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View Full Version : Country Music Hall Of Fame - Newest Members (Press Release)



Chris Gaines
06-17-2000, 06:59 PM
Friday June 16, 5:27 pm Eastern Time
<br>Company Press Release
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<br>Charley Pride and Faron Young Named Newest Members of the Country Music Hall of Fame
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<br>Inductions Set During ``The 34th Annual CMA Awards'' Wednesday, October 4
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<br>NASHVILLE--(ENTERTAINMENT WIRE)--June 16, 2000--Charley Pride and Faron Young were named as the newest members of the Country Music Hall of Fame during an emotion-packed a press conference held today at the Hall of Fame. Brenda Lee, who was inducted into the Hall of Fame in 1997 and is currently serving on the CMA Board of Directors, made the announcement of this year's honorees. Hall of Fame Director Kyle Young, CMA Executive Director Ed Benson, and CMA president Bud Wendell, who is also a member of the Hall of Fame, also took part in the press conference. Formal induction for Pride and Young will take place during ``The 34th Annual CMA Awards,'' telecast live Wednesday, October 4 (8:00-11PM, ET) on the CBS Television Network from the Grand Ole Opry House in Nashville.
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<br>Pride, who was asked to attend the press conference to speak about details of the Grand Ole Opry's 75th Anniversary celebration, broke into tears and melted into the arms of his wife Rozene when he realized he was actually there to hear his induction announcement.
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<br>``I just walked through the Hall of Fame a minute ago, and I was reading the plaques of people like Vernon Dalhart and Marty Robbins,'' Pride said, choking back tears. ``I'm so happy. I don't know what to say.''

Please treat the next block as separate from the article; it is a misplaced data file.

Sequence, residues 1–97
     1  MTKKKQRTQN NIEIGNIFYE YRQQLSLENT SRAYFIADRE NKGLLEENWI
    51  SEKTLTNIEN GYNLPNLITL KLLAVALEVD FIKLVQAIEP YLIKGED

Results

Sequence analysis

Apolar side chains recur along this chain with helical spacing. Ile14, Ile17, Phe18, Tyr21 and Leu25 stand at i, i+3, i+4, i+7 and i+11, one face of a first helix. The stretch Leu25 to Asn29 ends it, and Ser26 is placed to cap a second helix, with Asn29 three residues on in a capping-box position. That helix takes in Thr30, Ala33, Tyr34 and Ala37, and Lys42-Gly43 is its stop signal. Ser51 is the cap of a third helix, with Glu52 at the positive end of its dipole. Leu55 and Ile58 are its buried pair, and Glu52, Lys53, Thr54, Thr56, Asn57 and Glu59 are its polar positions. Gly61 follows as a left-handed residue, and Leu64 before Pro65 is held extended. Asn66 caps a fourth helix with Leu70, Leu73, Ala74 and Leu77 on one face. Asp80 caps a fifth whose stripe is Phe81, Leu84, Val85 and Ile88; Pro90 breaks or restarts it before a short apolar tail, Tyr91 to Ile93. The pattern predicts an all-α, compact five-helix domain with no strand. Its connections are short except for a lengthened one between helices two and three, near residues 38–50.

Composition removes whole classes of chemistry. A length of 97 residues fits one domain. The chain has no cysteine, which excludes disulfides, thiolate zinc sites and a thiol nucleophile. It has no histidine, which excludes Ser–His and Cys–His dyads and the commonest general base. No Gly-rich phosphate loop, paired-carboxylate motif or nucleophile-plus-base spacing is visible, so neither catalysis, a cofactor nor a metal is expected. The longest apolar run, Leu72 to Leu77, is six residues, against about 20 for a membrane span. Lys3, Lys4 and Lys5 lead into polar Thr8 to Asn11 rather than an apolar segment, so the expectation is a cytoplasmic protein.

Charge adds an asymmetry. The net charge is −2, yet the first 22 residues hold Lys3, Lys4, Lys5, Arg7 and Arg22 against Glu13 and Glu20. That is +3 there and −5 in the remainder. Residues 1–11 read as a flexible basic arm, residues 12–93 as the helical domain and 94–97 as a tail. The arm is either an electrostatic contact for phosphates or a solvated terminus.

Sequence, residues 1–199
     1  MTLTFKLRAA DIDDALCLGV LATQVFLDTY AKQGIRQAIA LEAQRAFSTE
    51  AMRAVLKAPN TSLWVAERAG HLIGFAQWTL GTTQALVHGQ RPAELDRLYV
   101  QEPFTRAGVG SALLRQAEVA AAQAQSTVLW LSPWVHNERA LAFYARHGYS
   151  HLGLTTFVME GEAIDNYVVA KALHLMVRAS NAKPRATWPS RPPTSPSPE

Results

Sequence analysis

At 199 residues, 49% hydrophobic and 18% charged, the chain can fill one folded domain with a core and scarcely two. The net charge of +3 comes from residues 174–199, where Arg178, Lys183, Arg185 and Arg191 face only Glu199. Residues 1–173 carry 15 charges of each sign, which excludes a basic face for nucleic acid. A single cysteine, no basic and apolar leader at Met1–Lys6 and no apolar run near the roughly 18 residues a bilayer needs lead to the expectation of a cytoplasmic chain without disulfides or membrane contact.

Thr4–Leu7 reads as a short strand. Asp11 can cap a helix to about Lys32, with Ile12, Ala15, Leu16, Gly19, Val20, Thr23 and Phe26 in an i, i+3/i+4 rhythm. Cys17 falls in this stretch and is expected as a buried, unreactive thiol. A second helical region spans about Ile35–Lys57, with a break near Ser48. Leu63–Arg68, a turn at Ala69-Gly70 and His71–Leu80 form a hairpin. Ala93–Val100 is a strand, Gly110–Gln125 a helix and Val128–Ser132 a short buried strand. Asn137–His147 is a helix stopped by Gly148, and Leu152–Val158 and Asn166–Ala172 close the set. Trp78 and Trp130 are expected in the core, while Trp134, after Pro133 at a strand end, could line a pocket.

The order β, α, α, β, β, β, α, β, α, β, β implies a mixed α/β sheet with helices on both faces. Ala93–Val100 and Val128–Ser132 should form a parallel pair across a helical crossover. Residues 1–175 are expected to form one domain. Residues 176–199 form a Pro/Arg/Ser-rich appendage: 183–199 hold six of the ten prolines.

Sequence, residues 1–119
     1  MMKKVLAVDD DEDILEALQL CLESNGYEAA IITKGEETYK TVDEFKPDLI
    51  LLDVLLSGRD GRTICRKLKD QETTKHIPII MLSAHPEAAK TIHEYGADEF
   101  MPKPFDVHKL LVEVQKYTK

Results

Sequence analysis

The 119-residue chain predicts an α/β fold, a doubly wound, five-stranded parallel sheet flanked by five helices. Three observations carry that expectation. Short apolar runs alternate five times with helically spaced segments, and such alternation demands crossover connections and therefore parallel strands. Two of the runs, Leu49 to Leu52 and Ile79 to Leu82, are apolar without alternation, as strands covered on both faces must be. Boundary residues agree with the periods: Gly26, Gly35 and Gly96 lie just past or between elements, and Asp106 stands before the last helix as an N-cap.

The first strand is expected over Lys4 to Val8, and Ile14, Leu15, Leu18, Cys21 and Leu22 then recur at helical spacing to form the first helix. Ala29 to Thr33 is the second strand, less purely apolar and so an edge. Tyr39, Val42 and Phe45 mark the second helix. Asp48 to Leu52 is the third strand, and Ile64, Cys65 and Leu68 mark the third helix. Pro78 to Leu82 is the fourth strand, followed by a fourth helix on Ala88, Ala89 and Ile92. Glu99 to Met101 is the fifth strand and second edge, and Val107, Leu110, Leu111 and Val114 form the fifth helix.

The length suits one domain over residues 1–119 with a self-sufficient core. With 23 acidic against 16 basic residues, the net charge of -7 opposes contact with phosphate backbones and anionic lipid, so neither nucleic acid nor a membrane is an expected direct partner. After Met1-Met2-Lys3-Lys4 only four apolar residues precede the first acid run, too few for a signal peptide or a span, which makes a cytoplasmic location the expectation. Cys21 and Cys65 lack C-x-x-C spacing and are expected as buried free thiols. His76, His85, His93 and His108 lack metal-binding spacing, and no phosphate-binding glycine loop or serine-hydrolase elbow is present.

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<br>Faron Young's long-time business partner, Billy Deaton, and members of his family, including his son Robyn Young and daughter-in-law Bonnie, were also in attendance. ``I know my dad would be so happy that he and Charley Pride are being inducted together,'' said Robyn Young. ``They were great friends, and in 1961 astronaut Charles Conrad actually took a tape of their music with him on a mission to the moon. Other stars like Garth Brooks and Shania Twain might get played on Mars someday, but the moon belongs to Faron Young and Charley Pride. Today, the Hall of Fame belongs to them too.''
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<br>Through the years, Robyn Young said that he had dreamed of his father being inducted into the Hall of Fame, and in some ways it symbolizes a final resting place for the legend, who died in December of 1996. ``When my father died, he wanted his ashes scattered on Old Hickory Lake, near Nashville. That meant that there wasn't really a gravesite where I could go visit him. I've thought about that for a while, and I decided that the best headstone he could ever have would be a bronze plaque in the Country Music Hall of Fame.''
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<br>Induction into the Country Music Hall of Fame is regarded as the ultimate recognition of outstanding and indelible contributions to the advancement of Country Music. The 2000 inductees were selected in two categories. Pride will be inducted in the Open Category, while Young will go in this year's special category for those whose career achieved national prominence prior to 1960.